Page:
• November 14, 2020

      Ah, thank you so much, Carla! :-) I’m so concerned that every time I share something, people will be like, um, READ THE ROOM. I’ll probably keep a lot of it off social media but continue to share guides here and there on Never Ending Footsteps. And get back into doing my monthly summaries so people can see what I’ve been up to!

  2. Terri
    November 14, 2020

    I agree 100% with everything Carla wrote! I’m in the US too. I’m a Patreon supporter of yours and would love a postcard from NZ. Take care.

    • November 14, 2020

      Will be sending a postcard your way once I get out of isolation! :-) Thank you!

  3. Andrea
    November 14, 2020

    Hi Lauren,
    Thank you for the update here, been wondering what was going on.
    For me personally – I would love to read more travel blog posts – since we can’t travel right now, at least our minds can wander … so I ll probably join you on pattern if you won’t be posting that much over here .
    All the best for New Zealand, enjoy the normality over there :)

    • November 14, 2020

      Thank you for thinking of me! I kept trying to write blog posts, but just couldn’t find the words. I didn’t know what to write, I wasn’t doing anything worth sharing, and travel articles just felt so… unimportant and unnecessary relative to what’s going on in the world. I’m hoping New Zealand will provide some fresh inspiration. And thank you for your feedback! It’s good to know there are still some people out there who want to read about travel :-)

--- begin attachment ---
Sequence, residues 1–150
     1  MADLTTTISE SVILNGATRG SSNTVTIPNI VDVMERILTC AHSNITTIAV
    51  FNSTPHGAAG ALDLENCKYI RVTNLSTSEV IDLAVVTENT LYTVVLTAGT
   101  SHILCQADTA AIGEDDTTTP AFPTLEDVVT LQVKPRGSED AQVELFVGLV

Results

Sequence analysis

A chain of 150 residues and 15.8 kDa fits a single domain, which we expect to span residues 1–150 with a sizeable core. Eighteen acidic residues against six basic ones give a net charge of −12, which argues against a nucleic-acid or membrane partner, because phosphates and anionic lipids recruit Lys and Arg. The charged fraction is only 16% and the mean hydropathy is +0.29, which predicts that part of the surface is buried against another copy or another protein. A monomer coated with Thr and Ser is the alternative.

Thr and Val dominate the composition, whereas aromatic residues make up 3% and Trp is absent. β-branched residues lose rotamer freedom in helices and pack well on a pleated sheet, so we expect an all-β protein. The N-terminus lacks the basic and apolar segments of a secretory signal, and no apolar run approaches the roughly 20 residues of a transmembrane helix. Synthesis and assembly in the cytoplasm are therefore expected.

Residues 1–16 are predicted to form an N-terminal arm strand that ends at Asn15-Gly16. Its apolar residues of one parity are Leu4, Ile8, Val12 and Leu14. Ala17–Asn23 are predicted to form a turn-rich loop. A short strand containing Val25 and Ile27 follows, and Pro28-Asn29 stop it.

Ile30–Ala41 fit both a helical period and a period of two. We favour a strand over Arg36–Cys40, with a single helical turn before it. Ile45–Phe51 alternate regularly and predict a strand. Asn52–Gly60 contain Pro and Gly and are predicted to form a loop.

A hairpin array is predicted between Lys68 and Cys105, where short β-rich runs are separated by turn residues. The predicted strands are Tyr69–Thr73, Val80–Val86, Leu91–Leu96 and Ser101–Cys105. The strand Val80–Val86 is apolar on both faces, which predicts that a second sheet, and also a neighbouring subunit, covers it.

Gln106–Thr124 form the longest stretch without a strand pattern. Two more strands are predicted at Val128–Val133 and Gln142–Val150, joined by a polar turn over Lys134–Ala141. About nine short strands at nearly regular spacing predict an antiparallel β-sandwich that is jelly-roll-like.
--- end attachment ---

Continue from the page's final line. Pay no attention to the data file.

4. Clazz - An Orcadian Abroad
    November 14, 2020

    So exciting! I wouldn’t worry about posting about your trips in New Zealand – maybe don’t fill social media with it, but blog posts on travel around New Zealand is still relevant for people within NZ and will then be there when other people can start planning again! I’ve been taking trips around Scotland and have no qualms with posting about it as long as it’s been safe to take those trips. I’ve seen plenty of bloggers doing the same thing. :) Looking forward to reading more about your new chapter!

    • November 14, 2020

      That’s what I’m thinking — keeping social media pretty quiet, but still publishing lots of helpful guides here. Those combined with my monthly summaries should hopefully satisfy my readers who do want to follow along with my travels, while hopefully not being too much for everyone else. What a strange time we live in! Thank you for your comment :-)

  5. scott
    November 14, 2020

    First, you’ve been sorely missed here! Second, I think you’re definitely making the right move to go to New Zealand. And third, I hope you keep posting here, because I for one, miss your adventures, and miss living vicariously through your life.

    • November 14, 2020

      Ah, thank you so much, Scott! You know, I said to Dave as soon as I hit publish on this post, it felt so, so good to be back. I hadn’t realised how much I’d missed writing here.

  6. Diana Edelman
    November 14, 2020

    You sound like me when I was living in Spain. The healthiest thing I did was leave. I’m glad you’re in NZ and look forward to your writing and sharing your new life. Please, let me live vicariously and look forward to the day the US is able to offer the same life as NZ.

    • November 15, 2020

      Yeah, I can see the similarities in our situations! Things have been really, really dark and bad for my mental health this year. And I’m already feeling like a weight has lifted since arriving in NZ. Now to find a Kiwi guy for you while I’m here :-)

  7. Chelsea
    November 15, 2020